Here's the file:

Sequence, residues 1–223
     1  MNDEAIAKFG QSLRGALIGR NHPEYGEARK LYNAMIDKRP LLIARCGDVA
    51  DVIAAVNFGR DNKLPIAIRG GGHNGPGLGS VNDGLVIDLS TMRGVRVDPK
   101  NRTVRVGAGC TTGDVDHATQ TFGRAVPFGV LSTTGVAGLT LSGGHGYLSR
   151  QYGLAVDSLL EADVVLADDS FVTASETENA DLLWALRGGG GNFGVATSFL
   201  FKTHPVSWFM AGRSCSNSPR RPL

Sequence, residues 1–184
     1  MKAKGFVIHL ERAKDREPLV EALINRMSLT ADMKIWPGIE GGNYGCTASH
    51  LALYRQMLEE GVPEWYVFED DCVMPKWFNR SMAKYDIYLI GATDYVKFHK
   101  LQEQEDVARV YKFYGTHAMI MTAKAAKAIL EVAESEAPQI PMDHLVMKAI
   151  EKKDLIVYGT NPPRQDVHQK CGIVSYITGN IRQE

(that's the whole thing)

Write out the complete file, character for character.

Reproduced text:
Sequence, residues 1–223
     1  MNDEAIAKFG QSLRGALIGR NHPEYGEARK LYNAMIDKRP LLIARCGDVA
    51  DVIAAVNFGR DNKLPIAIRG GGHNGPGLGS VNDGLVIDLS TMRGVRVDPK
   101  NRTVRVGAGC TTGDVDHATQ TFGRAVPFGV LSTTGVAGLT LSGGHGYLSR
   151  QYGLAVDSLL EADVVLADDS FVTASETENA DLLWALRGGG GNFGVATSFL
   201  FKTHPVSWFM AGRSCSNSPR RPL

Sequence, residues 1–184
     1  MKAKGFVIHL ERAKDREPLV EALINRMSLT ADMKIWPGIE GGNYGCTASH
    51  LALYRQMLEE GVPEWYVFED DCVMPKWFNR SMAKYDIYLI GATDYVKFHK
   101  LQEQEDVARV YKFYGTHAMI MTAKAAKAIL EVAESEAPQI PMDHLVMKAI
   151  EKKDLIVYGT NPPRQDVHQK CGIVSYITGN IRQE